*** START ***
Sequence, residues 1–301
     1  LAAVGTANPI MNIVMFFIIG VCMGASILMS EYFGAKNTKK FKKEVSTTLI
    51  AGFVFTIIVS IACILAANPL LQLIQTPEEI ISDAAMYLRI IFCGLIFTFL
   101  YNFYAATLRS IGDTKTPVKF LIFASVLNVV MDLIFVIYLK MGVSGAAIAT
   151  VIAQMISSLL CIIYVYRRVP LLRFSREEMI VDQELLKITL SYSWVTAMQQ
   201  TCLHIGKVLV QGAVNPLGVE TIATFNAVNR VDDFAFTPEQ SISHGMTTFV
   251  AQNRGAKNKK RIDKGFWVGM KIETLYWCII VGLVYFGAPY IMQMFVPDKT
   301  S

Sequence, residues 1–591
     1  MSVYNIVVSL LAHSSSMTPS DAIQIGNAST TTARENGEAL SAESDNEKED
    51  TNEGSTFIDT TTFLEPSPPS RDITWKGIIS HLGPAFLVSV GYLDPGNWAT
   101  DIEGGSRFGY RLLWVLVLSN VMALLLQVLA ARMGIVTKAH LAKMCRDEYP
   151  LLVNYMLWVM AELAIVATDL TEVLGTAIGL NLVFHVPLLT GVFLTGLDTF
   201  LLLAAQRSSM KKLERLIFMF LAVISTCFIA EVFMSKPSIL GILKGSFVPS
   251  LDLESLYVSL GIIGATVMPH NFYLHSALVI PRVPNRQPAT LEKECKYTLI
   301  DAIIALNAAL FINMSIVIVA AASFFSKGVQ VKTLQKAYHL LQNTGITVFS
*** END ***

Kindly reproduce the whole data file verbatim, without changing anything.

Sequence, residues 1–301
     1  LAAVGTANPI MNIVMFFIIG VCMGASILMS EYFGAKNTKK FKKEVSTTLI
    51  AGFVFTIIVS IACILAANPL LQLIQTPEEI ISDAAMYLRI IFCGLIFTFL
   101  YNFYAATLRS IGDTKTPVKF LIFASVLNVV MDLIFVIYLK MGVSGAAIAT
   151  VIAQMISSLL CIIYVYRRVP LLRFSREEMI VDQELLKITL SYSWVTAMQQ
   201  TCLHIGKVLV QGAVNPLGVE TIATFNAVNR VDDFAFTPEQ SISHGMTTFV
   251  AQNRGAKNKK RIDKGFWVGM KIETLYWCII VGLVYFGAPY IMQMFVPDKT
   301  S

Sequence, residues 1–591
     1  MSVYNIVVSL LAHSSSMTPS DAIQIGNAST TTARENGEAL SAESDNEKED
    51  TNEGSTFIDT TTFLEPSPPS RDITWKGIIS HLGPAFLVSV GYLDPGNWAT
   101  DIEGGSRFGY RLLWVLVLSN VMALLLQVLA ARMGIVTKAH LAKMCRDEYP
   151  LLVNYMLWVM AELAIVATDL TEVLGTAIGL NLVFHVPLLT GVFLTGLDTF
   201  LLLAAQRSSM KKLERLIFMF LAVISTCFIA EVFMSKPSIL GILKGSFVPS
   251  LDLESLYVSL GIIGATVMPH NFYLHSALVI PRVPNRQPAT LEKECKYTLI
   301  DAIIALNAAL FINMSIVIVA AASFFSKGVQ VKTLQKAYHL LQNTGITVFS